That is a necessity. Every soldier carries an identity card even if he is not in uniform. If something happens to him, it is needed for him to be recognised. Otherwise, he will be dead and buried without his family knowing. No one is ready to die like that.

As a former RAW chief, can you tell us the different ways of gathering intelligence?

I cannot go into details. But there are various means. The important ones are human intelligence or humint and elint or electronic intelligence. Then there are reconnaissance, interrogations etc.

In this particular scenario, the terrain gives very limited scope for humint. But for elint, there is no limitation. You can pick up their signals. In elint you have so many components. You can pick up photographs, for instance. You don't always need a satellite for that. There are other platforms to do it. But everything depends on what you make out of the information you pick up. Whether you are able to break the code etc.

Aerial reconnaissance is easy. You can keep on doing that in your own territory.

But, as I said, these efforts are put in at areas where they are needed more according to you. In this scenario, the capabilities of humint are limited. Near the border and on it, it is not easy to run agents. It is very difficult to send agents across these heights and retrieve them. When troops can't negotiate with all their winter clothing and equipment, it is very difficult for a man on his own to traverse the terrain. So the numbers involved are very few.

In such terrain what do you rely on most?

Electronic intelligence. What is called intercepts. And also aerial reconnaissance and aerial photography.

What do you think needs to be done to prevent a repeat of such incidents?

You have to find ways of running operations through human agents. But otherwise also, there is no end to improving your facilities to gather intelligence through electronic means and photography. It depends on resources. It depends on R&D.

Are the resources that India has for intelligence satisfactory?

Quite reasonable to meet our requirements, I would say. But you must understand that in all these things there is a cost effect. How much man power you can utilise, how much money you can spend. These are limiting factors. We are not a very rich country. But technological advances are helping us now and we are mostly using indigenous facilities.

About finance, do you think India is spending enough?

Nobody ever feels he has enough money. (Laughs) But I think, considering all circumstances, successive governments have done their bit.

How do you rate the intelligence networks in Kashmir, especially as it is a militancy-hit state bordering a hostile country?

The network here has been good in spells. At the start of the militancy, we were taken by surprise. Till then the intelligence work was mostly being done in an undiscovered environment. It became not so easy to remain in touch with your agents. It took time to put it all together. Some people had better intelligence than others -- I am talking about the army, paramilitary, state police... As a matter of fact the most important factor is the network of the local police. But that had its ups and downs.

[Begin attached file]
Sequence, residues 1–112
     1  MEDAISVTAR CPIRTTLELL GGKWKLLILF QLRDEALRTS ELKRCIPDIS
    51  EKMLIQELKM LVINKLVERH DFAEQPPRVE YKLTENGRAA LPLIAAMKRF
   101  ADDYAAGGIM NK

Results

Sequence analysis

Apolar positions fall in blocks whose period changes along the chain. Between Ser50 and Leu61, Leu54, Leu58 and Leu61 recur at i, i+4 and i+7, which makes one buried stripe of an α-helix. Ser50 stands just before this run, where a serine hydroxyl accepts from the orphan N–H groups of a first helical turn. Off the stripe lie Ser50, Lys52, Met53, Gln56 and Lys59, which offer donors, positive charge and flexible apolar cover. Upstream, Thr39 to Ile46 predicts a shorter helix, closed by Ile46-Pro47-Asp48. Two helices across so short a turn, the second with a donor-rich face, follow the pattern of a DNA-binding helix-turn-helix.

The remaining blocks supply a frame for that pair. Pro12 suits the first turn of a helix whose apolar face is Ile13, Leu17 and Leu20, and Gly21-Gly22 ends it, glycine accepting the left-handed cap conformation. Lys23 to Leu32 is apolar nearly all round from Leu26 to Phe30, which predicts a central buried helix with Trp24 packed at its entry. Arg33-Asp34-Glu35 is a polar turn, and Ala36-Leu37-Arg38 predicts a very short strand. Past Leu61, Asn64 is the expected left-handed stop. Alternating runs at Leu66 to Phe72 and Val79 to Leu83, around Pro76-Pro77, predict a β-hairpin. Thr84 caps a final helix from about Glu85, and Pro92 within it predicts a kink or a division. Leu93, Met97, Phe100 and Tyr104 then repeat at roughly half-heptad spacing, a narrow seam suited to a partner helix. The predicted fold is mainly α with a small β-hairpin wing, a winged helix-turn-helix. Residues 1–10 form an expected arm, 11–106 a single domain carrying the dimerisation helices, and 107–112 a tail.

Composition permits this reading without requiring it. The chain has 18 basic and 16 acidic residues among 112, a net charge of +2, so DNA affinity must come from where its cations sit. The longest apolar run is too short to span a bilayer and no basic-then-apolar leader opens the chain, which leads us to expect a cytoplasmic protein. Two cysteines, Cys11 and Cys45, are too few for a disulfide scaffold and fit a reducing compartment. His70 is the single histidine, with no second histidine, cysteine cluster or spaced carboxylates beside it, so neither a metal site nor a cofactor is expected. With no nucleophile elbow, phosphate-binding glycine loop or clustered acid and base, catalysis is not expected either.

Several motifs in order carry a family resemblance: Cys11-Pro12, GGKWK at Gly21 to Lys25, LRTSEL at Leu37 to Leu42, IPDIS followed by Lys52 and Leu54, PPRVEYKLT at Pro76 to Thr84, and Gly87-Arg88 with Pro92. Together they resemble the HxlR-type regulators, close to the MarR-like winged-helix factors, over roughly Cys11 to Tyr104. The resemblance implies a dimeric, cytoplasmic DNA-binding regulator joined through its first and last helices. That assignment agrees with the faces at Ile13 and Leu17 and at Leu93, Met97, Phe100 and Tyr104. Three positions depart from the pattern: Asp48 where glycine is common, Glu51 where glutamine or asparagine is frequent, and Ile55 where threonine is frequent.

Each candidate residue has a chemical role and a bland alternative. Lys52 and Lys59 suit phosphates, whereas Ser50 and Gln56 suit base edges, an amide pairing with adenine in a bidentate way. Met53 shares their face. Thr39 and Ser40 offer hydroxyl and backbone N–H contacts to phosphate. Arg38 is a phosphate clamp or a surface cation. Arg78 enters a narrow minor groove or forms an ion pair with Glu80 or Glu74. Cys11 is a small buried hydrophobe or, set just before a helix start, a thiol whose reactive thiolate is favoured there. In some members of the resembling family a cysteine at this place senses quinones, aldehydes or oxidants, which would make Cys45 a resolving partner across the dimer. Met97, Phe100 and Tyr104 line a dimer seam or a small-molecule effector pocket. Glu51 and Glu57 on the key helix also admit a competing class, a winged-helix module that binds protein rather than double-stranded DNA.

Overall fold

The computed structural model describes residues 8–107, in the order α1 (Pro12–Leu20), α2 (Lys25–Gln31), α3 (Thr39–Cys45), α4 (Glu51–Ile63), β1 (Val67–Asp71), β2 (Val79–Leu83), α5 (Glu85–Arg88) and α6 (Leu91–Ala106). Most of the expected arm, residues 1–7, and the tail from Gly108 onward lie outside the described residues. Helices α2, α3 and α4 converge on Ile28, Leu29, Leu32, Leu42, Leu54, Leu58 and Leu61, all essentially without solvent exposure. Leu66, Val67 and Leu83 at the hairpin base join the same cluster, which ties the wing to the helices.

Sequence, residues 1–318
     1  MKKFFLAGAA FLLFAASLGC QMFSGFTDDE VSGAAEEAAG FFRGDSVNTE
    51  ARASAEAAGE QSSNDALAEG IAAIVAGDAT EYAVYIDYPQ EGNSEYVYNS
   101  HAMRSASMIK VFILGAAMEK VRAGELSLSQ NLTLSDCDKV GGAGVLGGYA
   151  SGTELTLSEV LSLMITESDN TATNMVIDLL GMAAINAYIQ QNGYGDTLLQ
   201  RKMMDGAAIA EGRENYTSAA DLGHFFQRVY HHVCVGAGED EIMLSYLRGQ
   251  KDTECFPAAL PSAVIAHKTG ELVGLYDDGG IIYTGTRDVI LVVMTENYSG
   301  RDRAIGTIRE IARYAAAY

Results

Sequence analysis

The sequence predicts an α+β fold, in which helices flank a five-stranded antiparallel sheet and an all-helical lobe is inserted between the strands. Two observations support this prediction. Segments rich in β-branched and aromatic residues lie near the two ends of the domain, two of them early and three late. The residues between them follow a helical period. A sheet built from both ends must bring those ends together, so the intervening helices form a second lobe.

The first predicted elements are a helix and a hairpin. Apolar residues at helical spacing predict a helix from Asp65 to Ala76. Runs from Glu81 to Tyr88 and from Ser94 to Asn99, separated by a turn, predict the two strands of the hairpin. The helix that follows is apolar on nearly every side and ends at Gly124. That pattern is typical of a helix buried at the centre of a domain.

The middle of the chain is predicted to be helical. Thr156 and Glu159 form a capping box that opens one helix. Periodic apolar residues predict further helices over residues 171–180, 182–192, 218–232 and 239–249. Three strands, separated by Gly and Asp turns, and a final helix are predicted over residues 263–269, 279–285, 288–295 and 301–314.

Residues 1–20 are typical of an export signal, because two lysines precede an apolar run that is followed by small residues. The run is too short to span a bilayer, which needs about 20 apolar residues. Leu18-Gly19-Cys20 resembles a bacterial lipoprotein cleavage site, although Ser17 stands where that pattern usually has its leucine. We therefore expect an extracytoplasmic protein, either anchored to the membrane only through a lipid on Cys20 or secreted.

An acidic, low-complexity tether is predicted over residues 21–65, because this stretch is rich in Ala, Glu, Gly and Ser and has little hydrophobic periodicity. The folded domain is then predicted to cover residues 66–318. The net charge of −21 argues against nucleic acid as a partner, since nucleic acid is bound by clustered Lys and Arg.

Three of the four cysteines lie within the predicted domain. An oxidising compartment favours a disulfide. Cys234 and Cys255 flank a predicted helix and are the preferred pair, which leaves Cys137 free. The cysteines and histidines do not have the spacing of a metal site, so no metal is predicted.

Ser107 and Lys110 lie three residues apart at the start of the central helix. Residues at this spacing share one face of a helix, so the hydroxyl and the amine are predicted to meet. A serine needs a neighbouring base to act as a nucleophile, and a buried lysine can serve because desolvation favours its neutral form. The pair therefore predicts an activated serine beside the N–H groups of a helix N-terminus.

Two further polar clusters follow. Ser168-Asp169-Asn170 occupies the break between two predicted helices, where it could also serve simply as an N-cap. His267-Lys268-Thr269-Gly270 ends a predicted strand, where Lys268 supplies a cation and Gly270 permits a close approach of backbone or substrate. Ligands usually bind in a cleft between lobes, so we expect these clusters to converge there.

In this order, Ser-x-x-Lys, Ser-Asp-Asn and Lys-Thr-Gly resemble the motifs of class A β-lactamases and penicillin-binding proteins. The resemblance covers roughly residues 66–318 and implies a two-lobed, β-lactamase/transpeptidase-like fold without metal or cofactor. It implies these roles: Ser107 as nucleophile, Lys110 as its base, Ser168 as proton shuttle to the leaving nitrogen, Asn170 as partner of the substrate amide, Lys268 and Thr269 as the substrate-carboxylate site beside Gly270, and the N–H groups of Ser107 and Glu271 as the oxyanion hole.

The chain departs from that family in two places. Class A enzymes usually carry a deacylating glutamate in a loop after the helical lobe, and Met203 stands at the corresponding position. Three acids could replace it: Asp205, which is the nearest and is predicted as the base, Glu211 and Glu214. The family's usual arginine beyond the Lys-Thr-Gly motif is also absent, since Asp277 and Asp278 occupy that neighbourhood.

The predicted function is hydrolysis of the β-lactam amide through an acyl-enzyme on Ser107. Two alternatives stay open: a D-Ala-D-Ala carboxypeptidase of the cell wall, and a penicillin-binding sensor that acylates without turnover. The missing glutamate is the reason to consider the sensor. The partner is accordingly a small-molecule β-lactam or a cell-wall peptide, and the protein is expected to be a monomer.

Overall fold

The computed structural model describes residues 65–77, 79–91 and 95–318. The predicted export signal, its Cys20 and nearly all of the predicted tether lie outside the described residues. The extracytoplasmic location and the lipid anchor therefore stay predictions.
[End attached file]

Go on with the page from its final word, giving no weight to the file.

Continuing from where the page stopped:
In the recent years things have been much better. Co-ordination is good, sharing is good and the network is more professional.

The greatest advantage that the agencies have had in the last year or two is ordinary civilians -- sometimes out of revenge, sometimes because they are fed up with militancy -- are coming forward to give information. But they do it in such an obvious manner that many of them are marked. And they pay with their lives.

Is there anything like a typical human agent? If you were to paint a profile...

It's a very vast field. There can be so many types of agents. It depends on their motivation. It depends on their access to information. There is no hard and fast rule in picking up humint. People work for you for different motives. You have to deal with so many types -- mercenaries, patriotic people, adventurers, people who do it for revenge...

So it can be anyone.

Yes. And every motive has its own pluses. But the most important factor is access -- what exists and what can be created.

How would you rate Pakistan's ongoing attempt in terms of planning and execution? And also in terms of counter-intelligence, as they seem to have evaded the Indian agencies completely?

Well, they go ahead in a ham-handed way. They don't worry whether they have the benefit of deniability, especially with India. All these infiltrators, in a way, are intelligence agents. If you don't worry about being caught, then you don't need to have that kind of sophistication or security-consciousness.

They are working on a very large-scale, using a large number of people and spending a lot of money, using weapons and equipment that they have siphoned off from the foreign help that was meant for the Afghan situation. They have siphoned off 50 per cent and more of it, including Stinger missiles, wireless sets and things like that.

How would you compare RAW with Pakistan's Inter-Services Intelligence?

For one thing, RAW is not an empire unto itself. It works under political direction. And it doesn't have an agenda of its own. This system has many pluses. You won't land your country in trouble. You are accountable. So you have to make yourself very cost effective and deliver what your charter requires.

From our side we feel we have to be sophisticated, play the game by certain rules. Our charter is different from the one that they have assumed. They have widened their charter, so their dimension is definitely much more.

An accusation against RAW is that it is as bad as the ISI. In the sense that if the ISI creates disturbances in Kashmir, RAW reciprocates on the other side of the border.

I don't agree. Unless there's political clearance, RAW will not undertake certain type of operations. Secondly, the charter of RAW as I knew it was quite different. We don't want to get involved too much in... I mean, cloak-and-dagger works, are inherent in intelligence operations, but we had a very clear-cut brief of dos and don'ts.

There is another allegation that the BJP government at the Centre wanted trouble with Pakistan. The reasoning is that an anti-Pak feeling could translate into a Hindutva feeling and help the party in the forthcoming polls.

I don't expect any major political party of being capable of such action. We have a very responsible democratic political system. Neither the BJP nor the Congress nor anybody will resort to this. I don't have any evidence, but my gut feeling is that such a thing will not happen in our country.